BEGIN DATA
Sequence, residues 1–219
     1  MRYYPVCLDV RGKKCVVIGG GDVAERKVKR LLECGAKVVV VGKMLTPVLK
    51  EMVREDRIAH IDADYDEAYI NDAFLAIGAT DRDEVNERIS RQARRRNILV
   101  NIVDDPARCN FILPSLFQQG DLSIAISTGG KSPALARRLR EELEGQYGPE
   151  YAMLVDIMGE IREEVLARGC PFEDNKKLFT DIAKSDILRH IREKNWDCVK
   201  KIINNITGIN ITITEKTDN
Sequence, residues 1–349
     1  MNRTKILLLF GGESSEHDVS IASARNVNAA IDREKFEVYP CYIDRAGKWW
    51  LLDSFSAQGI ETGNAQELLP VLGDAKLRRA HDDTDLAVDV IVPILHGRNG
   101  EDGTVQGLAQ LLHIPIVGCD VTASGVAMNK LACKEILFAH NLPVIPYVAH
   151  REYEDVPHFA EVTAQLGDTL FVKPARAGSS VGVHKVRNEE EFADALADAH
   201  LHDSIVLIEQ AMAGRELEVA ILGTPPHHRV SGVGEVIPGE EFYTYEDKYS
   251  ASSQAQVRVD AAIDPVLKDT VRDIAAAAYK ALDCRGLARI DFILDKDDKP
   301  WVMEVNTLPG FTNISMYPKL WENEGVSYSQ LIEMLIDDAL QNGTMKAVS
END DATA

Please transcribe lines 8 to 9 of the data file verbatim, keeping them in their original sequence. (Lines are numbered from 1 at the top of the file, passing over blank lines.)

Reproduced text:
     1  MNRTKILLLF GGESSEHDVS IASARNVNAA IDREKFEVYP CYIDRAGKWW
    51  LLDSFSAQGI ETGNAQELLP VLGDAKLRRA HDDTDLAVDV IVPILHGRNG